My wife and I are supporters of two art museums, one locally and the other in Denver. I also have a personal interest in eye problems, especially cataracts and macular disease, as my father had lost an eye as an intern (a paper cut led to an infection and, in those days, before antibiotics, there was concern about the other eye developing problems, a medical issue called sympathetic ophthalmia). In his late 80s he had a cataract in his remaining eye and, when he was examined by an ophthalmologist at the Cleveland Clinic, was found to have macular degeneration, a chronic eye disease usually seen in people over 50.
I became aware, as I read about Dad’s problem, that one day it might become mine as well; one of the risk factors for macular degeneration is a family history of the disease.
- The need for brighter light when reading or doing close work
- Increasing difficulty adapting to low light levels, such as when entering a dimly lit restaurant
- Increasing blurriness of printed words
- A decrease in the intensity or brightness of colors
- Difficulty recognizing faces
- A gradual increase in the haziness of your central or overall vision
- Crooked central vision
- A blurred or blind spot in the center of your field of vision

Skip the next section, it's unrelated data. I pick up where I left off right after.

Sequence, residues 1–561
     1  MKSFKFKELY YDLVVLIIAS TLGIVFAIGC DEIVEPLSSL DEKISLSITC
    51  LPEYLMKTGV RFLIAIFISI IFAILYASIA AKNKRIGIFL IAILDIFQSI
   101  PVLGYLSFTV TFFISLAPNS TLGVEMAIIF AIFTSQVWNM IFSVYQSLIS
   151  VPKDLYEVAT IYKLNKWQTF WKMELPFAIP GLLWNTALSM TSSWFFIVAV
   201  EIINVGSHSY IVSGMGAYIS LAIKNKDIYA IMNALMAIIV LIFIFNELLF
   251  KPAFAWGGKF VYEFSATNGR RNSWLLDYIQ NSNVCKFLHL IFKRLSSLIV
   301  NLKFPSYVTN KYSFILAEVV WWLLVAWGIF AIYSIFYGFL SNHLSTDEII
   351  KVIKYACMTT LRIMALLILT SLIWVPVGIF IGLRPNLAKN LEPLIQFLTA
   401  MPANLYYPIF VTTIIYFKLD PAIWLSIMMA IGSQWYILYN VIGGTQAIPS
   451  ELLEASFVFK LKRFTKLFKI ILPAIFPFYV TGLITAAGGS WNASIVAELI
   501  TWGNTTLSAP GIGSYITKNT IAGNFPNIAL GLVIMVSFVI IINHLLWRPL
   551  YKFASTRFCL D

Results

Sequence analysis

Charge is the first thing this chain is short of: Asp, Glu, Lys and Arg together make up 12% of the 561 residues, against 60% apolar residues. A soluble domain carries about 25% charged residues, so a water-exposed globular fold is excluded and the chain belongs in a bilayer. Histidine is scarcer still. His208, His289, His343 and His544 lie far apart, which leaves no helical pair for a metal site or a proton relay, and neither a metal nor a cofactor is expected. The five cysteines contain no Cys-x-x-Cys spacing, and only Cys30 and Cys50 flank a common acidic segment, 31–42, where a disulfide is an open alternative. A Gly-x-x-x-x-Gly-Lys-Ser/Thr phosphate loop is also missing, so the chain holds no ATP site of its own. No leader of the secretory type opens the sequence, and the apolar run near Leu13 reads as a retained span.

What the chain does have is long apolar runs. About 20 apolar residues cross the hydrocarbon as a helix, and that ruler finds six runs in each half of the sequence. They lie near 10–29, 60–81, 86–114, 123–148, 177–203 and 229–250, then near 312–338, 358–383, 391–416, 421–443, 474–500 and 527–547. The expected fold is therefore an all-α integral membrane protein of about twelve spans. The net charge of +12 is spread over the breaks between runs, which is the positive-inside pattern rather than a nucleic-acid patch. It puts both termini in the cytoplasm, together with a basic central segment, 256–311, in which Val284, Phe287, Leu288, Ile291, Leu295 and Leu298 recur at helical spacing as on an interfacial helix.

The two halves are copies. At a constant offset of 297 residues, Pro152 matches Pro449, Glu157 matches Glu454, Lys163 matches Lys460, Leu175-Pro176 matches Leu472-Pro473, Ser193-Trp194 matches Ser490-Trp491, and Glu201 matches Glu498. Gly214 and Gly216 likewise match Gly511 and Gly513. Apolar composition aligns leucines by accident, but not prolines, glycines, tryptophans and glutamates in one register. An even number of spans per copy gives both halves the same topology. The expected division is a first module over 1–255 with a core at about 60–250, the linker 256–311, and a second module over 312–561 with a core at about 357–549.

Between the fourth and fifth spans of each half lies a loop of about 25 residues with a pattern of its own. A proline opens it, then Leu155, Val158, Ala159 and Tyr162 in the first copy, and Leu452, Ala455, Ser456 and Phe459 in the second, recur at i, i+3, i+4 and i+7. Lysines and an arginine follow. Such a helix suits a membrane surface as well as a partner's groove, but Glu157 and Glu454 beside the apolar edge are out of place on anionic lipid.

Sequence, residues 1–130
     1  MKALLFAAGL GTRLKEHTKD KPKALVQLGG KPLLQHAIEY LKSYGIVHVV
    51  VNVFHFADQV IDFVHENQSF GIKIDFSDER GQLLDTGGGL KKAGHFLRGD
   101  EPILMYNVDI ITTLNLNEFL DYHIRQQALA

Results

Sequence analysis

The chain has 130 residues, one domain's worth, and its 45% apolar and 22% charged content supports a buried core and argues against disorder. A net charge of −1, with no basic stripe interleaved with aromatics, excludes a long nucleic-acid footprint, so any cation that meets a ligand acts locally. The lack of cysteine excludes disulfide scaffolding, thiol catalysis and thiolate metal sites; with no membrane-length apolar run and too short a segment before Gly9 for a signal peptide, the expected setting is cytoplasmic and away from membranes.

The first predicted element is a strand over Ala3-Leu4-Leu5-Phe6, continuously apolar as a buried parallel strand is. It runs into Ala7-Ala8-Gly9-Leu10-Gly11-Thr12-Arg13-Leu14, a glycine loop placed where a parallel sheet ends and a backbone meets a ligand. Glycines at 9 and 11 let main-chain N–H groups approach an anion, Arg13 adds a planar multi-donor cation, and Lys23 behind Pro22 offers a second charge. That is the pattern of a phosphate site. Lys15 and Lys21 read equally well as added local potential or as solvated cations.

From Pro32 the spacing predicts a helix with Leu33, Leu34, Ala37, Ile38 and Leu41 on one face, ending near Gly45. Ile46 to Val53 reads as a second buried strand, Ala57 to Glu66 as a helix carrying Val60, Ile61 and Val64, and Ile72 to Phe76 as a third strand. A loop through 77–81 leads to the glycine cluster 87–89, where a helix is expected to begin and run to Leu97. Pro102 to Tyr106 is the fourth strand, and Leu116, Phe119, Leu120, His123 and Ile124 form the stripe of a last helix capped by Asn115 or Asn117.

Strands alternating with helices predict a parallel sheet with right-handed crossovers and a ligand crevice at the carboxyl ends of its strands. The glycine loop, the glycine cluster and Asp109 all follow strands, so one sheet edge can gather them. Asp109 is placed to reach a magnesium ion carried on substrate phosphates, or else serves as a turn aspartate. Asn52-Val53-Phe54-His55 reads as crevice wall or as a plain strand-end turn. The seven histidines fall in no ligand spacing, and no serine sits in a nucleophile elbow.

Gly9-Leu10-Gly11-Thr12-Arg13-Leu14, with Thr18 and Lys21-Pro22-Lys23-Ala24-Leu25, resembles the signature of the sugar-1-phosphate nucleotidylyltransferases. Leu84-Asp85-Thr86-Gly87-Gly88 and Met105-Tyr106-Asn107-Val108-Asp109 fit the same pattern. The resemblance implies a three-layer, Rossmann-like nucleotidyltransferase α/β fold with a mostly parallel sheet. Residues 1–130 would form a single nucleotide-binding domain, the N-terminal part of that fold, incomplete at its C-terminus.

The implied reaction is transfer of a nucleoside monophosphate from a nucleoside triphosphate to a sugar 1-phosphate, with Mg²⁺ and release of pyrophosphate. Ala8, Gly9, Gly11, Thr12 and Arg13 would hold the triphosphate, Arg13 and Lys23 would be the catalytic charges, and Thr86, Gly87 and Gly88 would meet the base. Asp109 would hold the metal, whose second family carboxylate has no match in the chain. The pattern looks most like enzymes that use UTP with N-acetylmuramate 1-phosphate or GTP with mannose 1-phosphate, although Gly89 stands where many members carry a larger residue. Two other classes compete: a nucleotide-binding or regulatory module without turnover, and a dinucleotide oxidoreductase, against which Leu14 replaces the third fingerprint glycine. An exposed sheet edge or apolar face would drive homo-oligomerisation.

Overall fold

- Hallucinations of geometric shapes or people, in case of advanced macular degeneration
The National Eye Institute, a branch of the NIH, has a fact sheet on age-related macular degeneration (AMD) that’s worth looking at if you or someone in your family develops this problem. I’ll mention a few things from that website as AMD is a major cause of vision loss in older adults. To begin with the macula is the part of your eyes that gives you the sharpest, most detailed vision. It’s the extremely sensitive part of the retina, the layer of tissue at the back of your eye that responds to light, converting images, focused by the eye’s lens on this equivalent of camera film, into electrical signals that travel via the optic nerve to the brain. If the macula is damaged, fine points of these images become less clear.
If this happens to a non-artist, someone who doesn’t make their living through images they put into a form that others can enjoy, it still leads to less sharp vision. You may have problems reading, driving or recognizing an image such as a face. Since your peripheral vision isn’t affected, you’ll probably be able to walk around without major difficulty.
But image that you’re an artist. You gradually realize your vision is becoming less clear. You used to be able to read an eye chart at the 20/20 level, meaning you can read the same row of small letters on the chart at 20 feet which those with normal vision can. Now your visual acuity, measured when you see your eye specialist, is slipping and you worry that it will affect your ability to paint as well as you once did.
Having 20/20 eyesight does not necessarily mean perfect vision. 20/20 vision only indicates the sharpness or clarity of vision at a distance. There are other important vision skills, including peripheral awareness or side vision, eye coordination, depth perception, focusing ability and color vision that contribute to your overall visual ability.